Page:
A few days ago, an article popped up on my Facebook newsfeed with the lengthy title “His First 4 Sentences are Interesting. The 5th Blew My Mind. And Made Me A Little Sick.”

The article had been posted by the website Upworthy, which shares progressive videos and promotes them in the hopes that they will go viral via social media. As the website puts it, Upworthy seeks to make “important issues as shareable as a video of someone jumping on his bed and falling out the window.” In a sense, Upworthy’s mission is a noble one. If, like me, you are sympathetic to most of the causes discussed in the videos, then you can get behind efforts to promote them in an engaging way. However, Upworthy, and a growing number of sites imitating its methods, represent a very serious, troubling trend in the future of our media landscape.

There are many objections that could be raised against Upworthy and other similar sites. They are often patronizing and manipulative. They overuse effusive words like “awesome” in an attempt to draw readers in, dealing with even serious subjects in a light-hearted manner. But Upworthy’s problems extend beyond editorial childishness.

Upworthy frames its narratives using emotions, not information. The goal of an Upworthy article is to create the expectation of some emotional sensation that the video will then fulfill. Videos may be educational, but that’s not their primary purpose. Consider the headline that I quoted at length in the first paragraph. Someone who sees this link on Facebook does not click on it because she wants to learn about healthcare — in fact she has no way of knowing healthcare is the topic of the article. She clicks on it because she wants to have her mind blown in an unsettling way. The article might be informative as well, but information comes second to emotion.

Upworthy’s approach is effective because it motivates readers to share their posts, as people are likely to pass on materials that move them. But this emotional approach to informing people is troublesome because it makes facts subservient to the emotional narrative constructed. Facts are included because they strengthen the power of the emotional climax, but those facts that might muddy the issue and add unwelcome complexity are discarded for the benefit of the narrative. If someone’s views on a topic have been defined by an emotional framework, then new facts are only accepted if they bolster that framework. It is more appealing for online progressives to rest in dignified outrage or profound empathy than deal with the muddied world of actual politics and policy.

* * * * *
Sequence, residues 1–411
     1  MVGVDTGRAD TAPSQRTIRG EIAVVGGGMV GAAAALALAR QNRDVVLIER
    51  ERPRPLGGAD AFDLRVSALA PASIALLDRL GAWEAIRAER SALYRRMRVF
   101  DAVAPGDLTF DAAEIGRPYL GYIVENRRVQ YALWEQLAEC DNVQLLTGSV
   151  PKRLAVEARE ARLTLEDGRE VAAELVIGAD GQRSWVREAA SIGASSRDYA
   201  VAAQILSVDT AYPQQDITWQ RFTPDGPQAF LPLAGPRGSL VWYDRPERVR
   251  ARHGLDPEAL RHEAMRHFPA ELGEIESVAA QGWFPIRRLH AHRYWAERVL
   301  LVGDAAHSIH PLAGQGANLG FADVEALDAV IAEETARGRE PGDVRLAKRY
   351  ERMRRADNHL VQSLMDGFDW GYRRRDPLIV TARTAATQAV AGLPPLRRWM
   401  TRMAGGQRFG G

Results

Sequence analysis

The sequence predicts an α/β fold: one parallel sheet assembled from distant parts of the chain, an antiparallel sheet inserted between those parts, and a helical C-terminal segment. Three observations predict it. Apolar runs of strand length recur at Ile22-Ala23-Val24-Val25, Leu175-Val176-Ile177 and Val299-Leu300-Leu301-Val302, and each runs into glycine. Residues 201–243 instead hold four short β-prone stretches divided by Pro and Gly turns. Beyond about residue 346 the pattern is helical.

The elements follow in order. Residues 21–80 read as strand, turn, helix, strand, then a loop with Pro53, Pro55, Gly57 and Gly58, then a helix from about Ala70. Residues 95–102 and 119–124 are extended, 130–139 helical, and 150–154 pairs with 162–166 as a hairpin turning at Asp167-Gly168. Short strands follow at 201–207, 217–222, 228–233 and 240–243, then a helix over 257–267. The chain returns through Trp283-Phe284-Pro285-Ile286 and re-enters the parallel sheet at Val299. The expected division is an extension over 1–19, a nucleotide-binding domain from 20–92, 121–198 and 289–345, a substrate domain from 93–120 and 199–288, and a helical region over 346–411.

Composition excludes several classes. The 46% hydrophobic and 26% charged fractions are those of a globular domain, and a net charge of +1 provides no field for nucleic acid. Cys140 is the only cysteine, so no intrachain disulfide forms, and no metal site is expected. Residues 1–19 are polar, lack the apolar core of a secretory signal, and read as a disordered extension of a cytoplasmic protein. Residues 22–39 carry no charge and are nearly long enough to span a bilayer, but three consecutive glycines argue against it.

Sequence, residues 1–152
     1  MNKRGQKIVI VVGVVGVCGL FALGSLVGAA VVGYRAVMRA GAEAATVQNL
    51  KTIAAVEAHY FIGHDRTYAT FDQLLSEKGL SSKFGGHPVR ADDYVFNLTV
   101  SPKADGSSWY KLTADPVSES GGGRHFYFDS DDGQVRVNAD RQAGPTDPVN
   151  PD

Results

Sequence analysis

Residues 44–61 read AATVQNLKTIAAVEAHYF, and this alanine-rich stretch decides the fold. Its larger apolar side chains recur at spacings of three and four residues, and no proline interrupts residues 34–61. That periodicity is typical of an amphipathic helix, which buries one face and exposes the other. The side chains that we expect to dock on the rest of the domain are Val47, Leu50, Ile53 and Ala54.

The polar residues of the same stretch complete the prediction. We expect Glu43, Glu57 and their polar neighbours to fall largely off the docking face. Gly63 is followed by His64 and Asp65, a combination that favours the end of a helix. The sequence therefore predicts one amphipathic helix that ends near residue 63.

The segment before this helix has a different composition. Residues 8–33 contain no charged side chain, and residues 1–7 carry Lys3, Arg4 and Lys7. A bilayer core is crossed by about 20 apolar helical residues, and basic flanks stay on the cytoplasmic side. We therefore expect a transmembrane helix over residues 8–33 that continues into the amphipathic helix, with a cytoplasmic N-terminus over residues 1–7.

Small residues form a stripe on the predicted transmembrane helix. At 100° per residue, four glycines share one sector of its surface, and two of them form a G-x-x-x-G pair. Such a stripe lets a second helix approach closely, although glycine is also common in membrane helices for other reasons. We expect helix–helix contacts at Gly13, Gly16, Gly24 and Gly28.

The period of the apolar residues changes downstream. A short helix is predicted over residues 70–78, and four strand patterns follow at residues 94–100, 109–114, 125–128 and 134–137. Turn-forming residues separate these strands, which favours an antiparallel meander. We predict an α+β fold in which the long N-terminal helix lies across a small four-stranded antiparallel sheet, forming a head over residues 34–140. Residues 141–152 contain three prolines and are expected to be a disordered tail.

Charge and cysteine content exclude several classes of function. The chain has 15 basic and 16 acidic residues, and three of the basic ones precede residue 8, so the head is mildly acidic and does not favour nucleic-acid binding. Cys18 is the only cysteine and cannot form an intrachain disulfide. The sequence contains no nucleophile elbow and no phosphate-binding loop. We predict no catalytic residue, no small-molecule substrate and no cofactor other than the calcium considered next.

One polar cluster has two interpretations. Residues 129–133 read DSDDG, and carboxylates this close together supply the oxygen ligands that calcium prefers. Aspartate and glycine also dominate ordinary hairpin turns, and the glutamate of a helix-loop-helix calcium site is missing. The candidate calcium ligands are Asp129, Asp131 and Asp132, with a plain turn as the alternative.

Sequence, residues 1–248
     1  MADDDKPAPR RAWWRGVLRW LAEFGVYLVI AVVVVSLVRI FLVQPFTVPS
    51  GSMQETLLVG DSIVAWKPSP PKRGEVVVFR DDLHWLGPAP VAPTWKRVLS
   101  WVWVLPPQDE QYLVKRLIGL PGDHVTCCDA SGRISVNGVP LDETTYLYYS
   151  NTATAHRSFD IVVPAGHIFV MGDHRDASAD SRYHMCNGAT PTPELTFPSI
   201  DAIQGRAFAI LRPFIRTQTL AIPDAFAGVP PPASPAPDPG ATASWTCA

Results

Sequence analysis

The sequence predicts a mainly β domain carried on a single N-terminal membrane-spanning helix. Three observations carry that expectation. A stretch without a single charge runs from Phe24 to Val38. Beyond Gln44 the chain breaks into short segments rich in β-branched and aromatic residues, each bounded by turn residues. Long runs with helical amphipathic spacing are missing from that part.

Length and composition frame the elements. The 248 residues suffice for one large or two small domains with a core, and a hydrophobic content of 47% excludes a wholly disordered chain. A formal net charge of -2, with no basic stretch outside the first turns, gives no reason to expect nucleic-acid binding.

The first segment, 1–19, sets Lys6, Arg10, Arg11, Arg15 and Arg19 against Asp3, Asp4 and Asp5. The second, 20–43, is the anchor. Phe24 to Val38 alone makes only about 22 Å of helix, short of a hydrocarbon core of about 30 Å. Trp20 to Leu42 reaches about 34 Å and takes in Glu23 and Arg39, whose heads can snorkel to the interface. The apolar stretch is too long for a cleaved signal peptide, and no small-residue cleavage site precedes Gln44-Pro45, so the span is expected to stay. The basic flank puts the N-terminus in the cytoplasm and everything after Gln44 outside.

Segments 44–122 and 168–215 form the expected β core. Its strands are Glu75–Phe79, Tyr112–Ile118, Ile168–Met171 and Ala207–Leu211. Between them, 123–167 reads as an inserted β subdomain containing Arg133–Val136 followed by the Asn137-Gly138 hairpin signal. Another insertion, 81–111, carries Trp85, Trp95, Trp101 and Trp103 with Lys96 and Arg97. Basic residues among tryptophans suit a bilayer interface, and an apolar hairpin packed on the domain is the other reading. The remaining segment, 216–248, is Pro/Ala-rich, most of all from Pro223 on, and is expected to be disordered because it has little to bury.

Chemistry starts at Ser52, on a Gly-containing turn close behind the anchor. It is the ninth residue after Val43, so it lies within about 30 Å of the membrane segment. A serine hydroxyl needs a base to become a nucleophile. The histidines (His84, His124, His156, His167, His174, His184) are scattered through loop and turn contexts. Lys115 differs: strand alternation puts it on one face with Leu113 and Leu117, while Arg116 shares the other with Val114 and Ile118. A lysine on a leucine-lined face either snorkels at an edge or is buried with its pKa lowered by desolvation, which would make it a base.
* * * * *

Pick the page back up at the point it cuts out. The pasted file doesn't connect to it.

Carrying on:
Of course, Upworthy was not the first to use this emotional approach to policy. Cable news and talk radio have tread this path many times before. But these venues typically maintain the veneer of valuing facts. Fox News famously claims to be “Fair and Balanced.” With Upworthy, it seems we are shedding that veneer and simply embracing the idea that narrative legitimizes fact, instead of the other way around.

Why does all this matter? Upworthy may well be the future of journalism on the web. Business Insider labelled it the fastest growing media company of all time. Its model is extremely successful, with nearly 90 million unique visitors last December. Even if Upworthy itself does not survive, its imitators will. These websites see themselves as taking up the role of traditional journalism, explicitly aligning themselves on their website with the “noble mission to inform the public and draw attention to the things that really matter in our society.” Upworthy has the potential to truly revolutionize how we consume news, and we would be much poorer for it.

So please, the next time you see an inspiring video on Upworthy, look up the topic in The New York Times, or some other fact-driven news source, and share that article instead. Traditional news sites may not be as flashy, but at least they’re grounded in real information.

Isa Qasim is a junior in Jonathan Edwards College. Contact him at isa.qasim@yale.edu.